Candid Talk About Diversity and Inclusion, With Jennifer Skrapits, Beacon’s Head of HR

Where did you grow up, what is your background?

I am the daughter of a Hungarian immigrant and a second-generation Italian. My mother was born in the Bronx and my father was born in Hungary. He escaped in 1956 during the Hungarian Revolution.

I grew up in a small town in Westchester county in New York, which has since been put on the map by New York Congresswoman Alexandria Ocasio-Cortez, although we were a few years apart in school.

After high school I went to college in Boston and landed an unpaid internship at PaineWebber where I fell in love with the markets! After graduating I got a job as a sales assistant at an investment bank to get my foot in the door, and eventually worked my way up to trader and then sales trader. I worked as a trader for eight years before taking a leap and joining Beacon as Head of Human Resources and Business Management.

How have your past experiences with diversity influenced Beacon’s efforts?

Growing up with a father who was a NYC school teacher, I was included in many activities that exposed me to people with diverse ethnicities, backgrounds, and life experiences. During high school my parents arranged a summer long visit to Europe, where my love of traveling and passion for experiencing different cultures around the world began. This helped me realize that we should meet people that encourage us to expand our worldview and be able to relate to people from many different walks of life.

As one of the few women working on the trading floor, I was very aware of what it feels like to be in the minority and excluded from some groups and activities. As I moved into HR, I was acutely aware how important it is to make sure that we respect and include everyone and make them feel welcome. The effects of this attitude on a company’s culture are considerable, as are the contributions of a diverse team of employees to our overall results.

What value does diversity bring to Beacon?

I think that diversity contributes two very important benefits to Beacon: it expands our pool of potential employees, and it increases the number of viewpoints on a problem or opportunity. As a growing company in a complex and competitive environment, having the broadest possible set of candidates helps us get the best people. And that diverse set of people bring their individual experiences to work, improving our product development, customer support, and employee experiences. As we say in one of our Beacon Core Values: “We foster an environment where our differences are valued and respected, because it’s the right thing to do and because applying different perspectives to problems is a better way of solving them.” When you are building a new paradigm for an industry, the value of different thinking is enormous.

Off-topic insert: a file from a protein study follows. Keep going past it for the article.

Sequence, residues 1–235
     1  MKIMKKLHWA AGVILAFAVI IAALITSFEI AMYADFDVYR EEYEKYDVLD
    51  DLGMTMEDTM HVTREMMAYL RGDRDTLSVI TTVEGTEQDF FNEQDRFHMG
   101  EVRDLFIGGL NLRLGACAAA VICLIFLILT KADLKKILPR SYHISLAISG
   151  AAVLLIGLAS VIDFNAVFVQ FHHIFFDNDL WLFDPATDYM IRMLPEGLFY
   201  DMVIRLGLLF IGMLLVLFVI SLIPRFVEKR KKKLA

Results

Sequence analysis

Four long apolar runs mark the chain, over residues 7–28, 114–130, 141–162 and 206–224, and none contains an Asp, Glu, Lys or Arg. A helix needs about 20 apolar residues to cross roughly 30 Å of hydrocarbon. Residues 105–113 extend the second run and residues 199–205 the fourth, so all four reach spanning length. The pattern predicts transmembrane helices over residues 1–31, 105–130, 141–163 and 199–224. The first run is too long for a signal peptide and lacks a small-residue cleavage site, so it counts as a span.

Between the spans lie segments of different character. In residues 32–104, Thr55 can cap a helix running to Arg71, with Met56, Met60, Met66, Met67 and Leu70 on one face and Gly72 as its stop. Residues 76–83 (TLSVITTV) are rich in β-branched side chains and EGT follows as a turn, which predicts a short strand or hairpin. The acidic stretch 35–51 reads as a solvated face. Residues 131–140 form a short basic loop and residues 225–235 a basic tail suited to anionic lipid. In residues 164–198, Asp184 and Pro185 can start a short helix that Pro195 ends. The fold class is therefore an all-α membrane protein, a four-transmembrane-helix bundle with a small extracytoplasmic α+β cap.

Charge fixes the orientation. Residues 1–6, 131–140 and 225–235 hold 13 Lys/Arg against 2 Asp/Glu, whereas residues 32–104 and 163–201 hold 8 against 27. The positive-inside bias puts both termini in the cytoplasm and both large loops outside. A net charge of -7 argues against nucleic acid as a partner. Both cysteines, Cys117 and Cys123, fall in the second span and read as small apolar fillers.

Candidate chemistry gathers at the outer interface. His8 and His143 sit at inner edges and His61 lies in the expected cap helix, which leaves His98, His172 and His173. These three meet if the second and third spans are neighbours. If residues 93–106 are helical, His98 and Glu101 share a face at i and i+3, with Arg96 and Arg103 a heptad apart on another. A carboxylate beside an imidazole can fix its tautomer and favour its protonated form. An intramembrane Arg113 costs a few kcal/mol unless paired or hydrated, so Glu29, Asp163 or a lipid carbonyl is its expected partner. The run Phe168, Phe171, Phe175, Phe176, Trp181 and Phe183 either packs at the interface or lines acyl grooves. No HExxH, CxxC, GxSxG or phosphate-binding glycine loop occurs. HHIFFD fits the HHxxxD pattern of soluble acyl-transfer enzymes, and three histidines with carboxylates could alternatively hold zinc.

What actions are you taking to make sure that everyone feels included and that these values flow throughout the organization?

Action is the important word here, because making a difference in diversity and inclusion requires active participation from everyone in the company, especially the executive committee and managers. We start with strong, positive statements that everyone at Beacon is treated with dignity and respect, and that we celebrate our differences. And then we put that into practice with Diversity & Inclusion Training from Traliant that is mandatory for all employees, and are working with Stonewall, the UK’s largest LGBT charity, to enhance our team’s understanding of LGBT identities, experiences, and active allyship. We regularly survey our staff to understand what they are experiencing personally and identify areas that require additional focus. These values are incorporated into our hiring and performance review processes, and when giving employees feedback we ask what values have been demonstrated.